makes us relish an inward and secret pleasure, notwithstanding all the smart of affliction: so that the yoke becomes supportable, the rod itself comforts us; and we find much more delight in suffering the will of God, than if he had granted us our own. Now, to this God who loveth us, and correcteth us for our profit, that we may be partakers of his holiness, and thereby of his happiness; to God the Father, Son, and blessed Spirit, be all honour, praise, and glory, now and for ever. Amen.

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LUKE XIII. 23. Then said one unto him, Lord, are there few that

be saved? And he said unto them, &c. Those who have so much charity and goodness as to be nearly touched with the interests of mankind, cannot but be more especially concerned about their everJasting condition; and very anxious to know what shall become of poor mortals when this scene is over, and they cease to appear on the stage of the world, being called off to give an account of their deportment on it. And, seeing we are assured that there are different, and very opposite estates of departed souls, some being admitted into happiness, and others doomed to misery, beyond any thing that we can conceive; this may put them upon farther inquiry, how mankind is like to be divided? whether heaven or hell shall have the greater share? Such a laudable curiosity as this it was, that put one of our blessed Saviour's followers to propose the question in the text. Lord, are there few that be saved? Our Saviour had been lately foretelling the great success the gospel should have; how, like a little leaven that quickly fermenteth the whole lump it is put into, Chris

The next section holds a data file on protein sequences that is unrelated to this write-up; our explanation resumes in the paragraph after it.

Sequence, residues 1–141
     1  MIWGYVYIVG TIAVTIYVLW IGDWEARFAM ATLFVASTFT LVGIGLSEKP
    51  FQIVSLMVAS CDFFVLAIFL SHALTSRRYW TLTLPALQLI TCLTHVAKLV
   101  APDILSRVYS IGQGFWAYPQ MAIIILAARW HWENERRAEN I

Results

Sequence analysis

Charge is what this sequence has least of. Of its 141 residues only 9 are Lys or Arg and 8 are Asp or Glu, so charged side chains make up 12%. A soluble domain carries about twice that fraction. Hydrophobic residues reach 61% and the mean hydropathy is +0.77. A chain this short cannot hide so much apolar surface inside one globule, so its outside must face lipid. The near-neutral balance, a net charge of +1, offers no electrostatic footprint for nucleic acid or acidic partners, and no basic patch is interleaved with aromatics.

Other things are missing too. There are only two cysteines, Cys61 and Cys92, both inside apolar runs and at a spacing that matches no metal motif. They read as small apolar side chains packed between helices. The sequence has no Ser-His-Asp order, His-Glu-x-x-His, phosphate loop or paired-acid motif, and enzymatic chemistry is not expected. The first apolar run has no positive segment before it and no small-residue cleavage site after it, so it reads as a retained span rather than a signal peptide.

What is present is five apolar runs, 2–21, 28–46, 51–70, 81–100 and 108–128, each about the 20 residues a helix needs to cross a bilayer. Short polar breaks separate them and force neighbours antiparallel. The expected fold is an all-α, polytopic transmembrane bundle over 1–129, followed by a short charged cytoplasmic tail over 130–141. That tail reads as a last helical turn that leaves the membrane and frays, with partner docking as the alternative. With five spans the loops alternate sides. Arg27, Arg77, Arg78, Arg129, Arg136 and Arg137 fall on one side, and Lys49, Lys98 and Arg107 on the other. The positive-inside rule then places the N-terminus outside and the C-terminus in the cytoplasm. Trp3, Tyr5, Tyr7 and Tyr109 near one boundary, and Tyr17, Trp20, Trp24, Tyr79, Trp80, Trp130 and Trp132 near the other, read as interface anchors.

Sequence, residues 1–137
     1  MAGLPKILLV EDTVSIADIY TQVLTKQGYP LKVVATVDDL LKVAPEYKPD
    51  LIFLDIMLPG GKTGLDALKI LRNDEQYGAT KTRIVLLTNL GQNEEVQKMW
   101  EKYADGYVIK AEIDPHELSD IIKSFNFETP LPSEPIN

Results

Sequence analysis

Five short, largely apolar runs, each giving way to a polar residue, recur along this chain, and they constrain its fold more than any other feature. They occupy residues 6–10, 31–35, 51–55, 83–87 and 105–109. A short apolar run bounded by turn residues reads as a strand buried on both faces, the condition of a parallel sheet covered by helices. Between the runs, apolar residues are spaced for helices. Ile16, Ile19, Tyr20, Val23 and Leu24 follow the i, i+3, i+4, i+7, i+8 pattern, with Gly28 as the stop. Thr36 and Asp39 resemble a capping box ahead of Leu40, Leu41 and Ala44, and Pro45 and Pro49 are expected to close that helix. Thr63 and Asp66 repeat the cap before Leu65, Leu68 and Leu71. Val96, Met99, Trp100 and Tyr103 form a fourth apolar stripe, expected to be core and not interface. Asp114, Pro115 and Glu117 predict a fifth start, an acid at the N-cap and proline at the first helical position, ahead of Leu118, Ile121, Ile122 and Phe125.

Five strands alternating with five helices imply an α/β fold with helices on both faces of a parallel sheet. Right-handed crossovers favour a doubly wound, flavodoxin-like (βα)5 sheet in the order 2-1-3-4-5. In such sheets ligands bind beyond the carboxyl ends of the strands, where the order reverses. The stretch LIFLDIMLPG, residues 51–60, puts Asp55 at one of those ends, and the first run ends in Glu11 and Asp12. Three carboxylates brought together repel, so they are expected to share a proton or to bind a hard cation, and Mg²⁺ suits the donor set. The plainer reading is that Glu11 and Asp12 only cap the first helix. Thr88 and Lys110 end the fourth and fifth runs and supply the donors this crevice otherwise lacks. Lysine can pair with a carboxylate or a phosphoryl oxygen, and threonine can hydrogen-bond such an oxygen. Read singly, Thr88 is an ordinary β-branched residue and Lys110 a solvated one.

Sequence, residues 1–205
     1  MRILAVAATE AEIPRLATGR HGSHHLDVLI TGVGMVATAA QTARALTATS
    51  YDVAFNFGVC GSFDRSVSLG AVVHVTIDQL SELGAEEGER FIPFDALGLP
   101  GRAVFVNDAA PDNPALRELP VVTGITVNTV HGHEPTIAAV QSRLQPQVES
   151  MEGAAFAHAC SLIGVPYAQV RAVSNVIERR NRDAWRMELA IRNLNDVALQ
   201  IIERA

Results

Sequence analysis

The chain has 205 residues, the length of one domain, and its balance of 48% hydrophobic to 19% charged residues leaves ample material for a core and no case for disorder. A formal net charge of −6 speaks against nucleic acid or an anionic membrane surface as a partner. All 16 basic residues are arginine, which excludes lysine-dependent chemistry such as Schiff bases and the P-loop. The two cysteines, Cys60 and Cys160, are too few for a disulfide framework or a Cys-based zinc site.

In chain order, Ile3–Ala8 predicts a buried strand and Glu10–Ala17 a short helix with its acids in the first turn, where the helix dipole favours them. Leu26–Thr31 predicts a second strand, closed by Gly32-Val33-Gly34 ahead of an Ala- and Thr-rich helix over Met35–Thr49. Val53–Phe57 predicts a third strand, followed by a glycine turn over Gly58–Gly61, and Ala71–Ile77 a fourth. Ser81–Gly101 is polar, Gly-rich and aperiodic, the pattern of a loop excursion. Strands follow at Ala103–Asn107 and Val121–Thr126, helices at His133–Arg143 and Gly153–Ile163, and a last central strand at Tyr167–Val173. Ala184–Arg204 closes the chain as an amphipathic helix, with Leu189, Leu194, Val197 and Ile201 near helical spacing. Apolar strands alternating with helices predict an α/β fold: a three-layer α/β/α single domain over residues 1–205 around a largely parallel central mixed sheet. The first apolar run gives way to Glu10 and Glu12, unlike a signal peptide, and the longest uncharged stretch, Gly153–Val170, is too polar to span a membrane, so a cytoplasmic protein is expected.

tianity should soon propagate itself through the world, and many nations embrace the profession of it. This disciple, it seems, was desirous to know, whether the efficacy should be answerable to the extent? whether it should take as deep root in the hearts of those that owned it, as it was to spread itself far and wide on the face of the earth? in a word, whether the greatest part of men were to be saved by it? I called this a laudable curiosity; and there is reason to think it so, since our Saviour himself, who best knew the occasion and importance of it, doth not check, but satisfy the inquiry; which he was wont to do when the questions were useless or blamable. Those who inquired into the time of the general judgment, received no other account, but that it was inter arcana imperii; among those secrets which God reserved for himself. And, again, when they asked of the time that the kingdom should be restored unto Israel, he tells them roundly, it was not for them, it concerned them not at all to know such things as these. But here, as the question seems to have proceeded from a zeal to the honour of God, and concernment in the happiness of mankind; so the resolution of it might be very useful: and accordingly it is improved by our Saviour; who at once resolves the doubt, and presseth a very weighty exhortation, in the following words, Strive to enter in, &c. We are not at this time to prosecute the whole importance of this latter verse; for that we refer you to an excellent sermon, entitled, The way to happiness. We shall only consider the answer which is implied in it to the foregoing question; to wit, that the number of those who are to be saved is really small.